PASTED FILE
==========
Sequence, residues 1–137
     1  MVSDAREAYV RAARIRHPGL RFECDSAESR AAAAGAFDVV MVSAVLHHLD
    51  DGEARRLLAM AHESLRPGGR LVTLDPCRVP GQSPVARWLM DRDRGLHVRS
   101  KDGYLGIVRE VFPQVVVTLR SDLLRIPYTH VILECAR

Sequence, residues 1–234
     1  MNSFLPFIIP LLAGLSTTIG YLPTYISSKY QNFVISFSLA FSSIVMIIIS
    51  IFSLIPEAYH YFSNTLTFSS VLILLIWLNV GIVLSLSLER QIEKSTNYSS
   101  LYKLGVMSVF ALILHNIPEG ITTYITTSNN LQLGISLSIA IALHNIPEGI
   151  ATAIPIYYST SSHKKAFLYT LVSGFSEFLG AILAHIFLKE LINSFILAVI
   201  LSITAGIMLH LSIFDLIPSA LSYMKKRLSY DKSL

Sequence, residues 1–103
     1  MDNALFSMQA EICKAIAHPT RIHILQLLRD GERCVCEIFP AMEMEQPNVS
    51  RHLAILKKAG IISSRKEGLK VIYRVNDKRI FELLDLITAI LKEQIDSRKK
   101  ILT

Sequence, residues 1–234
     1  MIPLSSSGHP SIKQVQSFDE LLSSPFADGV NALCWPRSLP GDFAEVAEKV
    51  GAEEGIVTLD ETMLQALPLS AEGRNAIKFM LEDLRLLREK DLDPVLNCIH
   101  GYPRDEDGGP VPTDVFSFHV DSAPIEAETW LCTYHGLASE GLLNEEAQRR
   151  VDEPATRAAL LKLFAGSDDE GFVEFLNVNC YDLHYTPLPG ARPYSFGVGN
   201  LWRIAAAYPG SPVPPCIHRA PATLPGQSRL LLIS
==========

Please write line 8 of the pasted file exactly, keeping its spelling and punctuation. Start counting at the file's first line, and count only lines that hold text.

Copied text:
   101  LYKLGVMSVF ALILHNIPEG ITTYITTSNN LQLGISLSIA IALHNIPEGI